$#it Happens

October 1 2009

In this space I have always generally shied away from writing anything to do with crashing. I walk under ladders with wild abandon, get out of bed left foot first, and have my path crossed regularly by not one but two black cats. Despite being far from superstitious, I always thought it best to not write about motorcycle mishaps, lest it bring some undesirable brand of mojo my way.

After this summer however, there was no denying that shit sometimes just happens. With years passing among my regular riding mates without anything more serious than an errant sidestand or sand/grass dump, recently three good friends had close calls with the reaper within a space of several weeks. With a combined total of around 80-years on the road, all were well-seasoned experienced riders.

Two of these incidents involved just bike and rider, specifically large bikes and mid-corner bumps. In the first crash, rider and bike landed well off the road, fortuitously in soft marshy ground. This minimized damage to both, though along with some road rash there was heavy bruising to both body and pride, the latter by admission of the rider himself. In the second similar incident less speed kept both bike and rider from leaving the road surface completely, again fortune was smiling as said road bordered a 50+ foot ravine. In both of these cases there were no other vehicles directly involved in the bike’s going down, unlike the third occurrence.

A close friend who I’ve been riding with for well over 20-years was traveling home on a clear dry Sunday afternoon, approaching an intersection at approximately 30 km/h. Though told much better in the first person, most anyone with riding experience should be chilled by what followed. A car sitting on the shoulder pulled out abruptly as my friend was passing by, effectively ‘T-boning’ the bike just past the mid-point between axles, if laws of modern physics hold true. To paraphrase my friend himself, were it not for his ‘cat-like reflexes’ his leg would have been severed at the knee where the car bumper slammed the bike. Instead, after lifting his leg in that split second, the bike spun in nearly two complete rotations, while launching 310 lbs. of friend several metres into the air.

One may wonder where the fortunate aspect of this event lies, and it demonstrates, in my opinion, the relative nature of what we consider good fortune. My buddy had landed face down in the opposite lane and indeed suffered injury. The traffic light at the intersection he was approaching was red and had it been green, the oncoming lane would have been full of traffic on this Sunday afternoon, and I will leave the rest to your imagination with the exception of one additional detail. The driver of the car was allegedly impaired to the point of being barely able to speak or walk.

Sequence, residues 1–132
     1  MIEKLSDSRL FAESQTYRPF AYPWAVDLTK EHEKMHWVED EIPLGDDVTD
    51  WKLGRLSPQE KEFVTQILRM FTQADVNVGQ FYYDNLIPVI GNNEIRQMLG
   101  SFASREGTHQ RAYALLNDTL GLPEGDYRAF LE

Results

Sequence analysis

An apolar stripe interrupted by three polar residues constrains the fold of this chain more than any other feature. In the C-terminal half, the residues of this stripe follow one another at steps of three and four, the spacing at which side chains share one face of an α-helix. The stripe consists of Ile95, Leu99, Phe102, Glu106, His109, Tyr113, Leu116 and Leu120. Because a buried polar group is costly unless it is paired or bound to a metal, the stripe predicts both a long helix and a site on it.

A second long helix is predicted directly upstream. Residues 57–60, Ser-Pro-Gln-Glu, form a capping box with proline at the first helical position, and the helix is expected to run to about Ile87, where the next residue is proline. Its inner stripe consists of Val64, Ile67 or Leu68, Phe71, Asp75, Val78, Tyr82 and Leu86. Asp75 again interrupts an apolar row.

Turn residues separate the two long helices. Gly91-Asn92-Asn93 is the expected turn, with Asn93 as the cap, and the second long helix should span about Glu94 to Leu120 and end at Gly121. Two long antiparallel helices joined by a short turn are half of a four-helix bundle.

There are often what we consider ‘external factors’ in situations like this, or we think, for example, had something happened a split second sooner or later how things would have turned out differently. A drunk driver we have no control over; no amount of precaution could prevent the possibility of that danger, right? Whereas a mid-corner bump or sandy patch is something we can be consciously aware of and react to, right? (insert long thoughtful pause here)

I think not. The world that grows drunk drivers is the same world that grows mid-corner frost heaves. It is also the same world that grows the rider thinking a particular thought at a particular instant, with that thought influencing brake, throttle, attention or inattention to either or both. In each of the incidents described here, that well-worn refrain can be, and was applied, ‘it could have been worse.’ Indeed. Whenever I hear this I am reminded of an ancient Chinese parable. I won’t include it here for fear of being pestered by Chuang Tzu’s ancestors for royalties or copyright infringement, but will direct interested Googler’s to ‘The Story of the Taoist Farmer’.

Notions of chance, fate, destiny, luck, freewill, ad nauseum are pervasive throughout human history and culture, including motorcycle culture. I say ride a green bike, buy a bike who’s previous owner has died. Wear a full-face, wear a beanie, wear no helmet, go out on Friday the 13th (though that last one is already popular with many bikers in this neck of the woods…) It doesn’t matter. That drunk driver will always be there, right along with that thought that distracted you at precisely the wrong time. Shit will happen.

It is with quiet solace that I didn’t lose any friends this summer, and I can report that all are in various states of recovering, riding, or still intent on riding. I’m hopeful that this will be that last I can report of such things for the foreseeable future.

After all, these things happen in threes..


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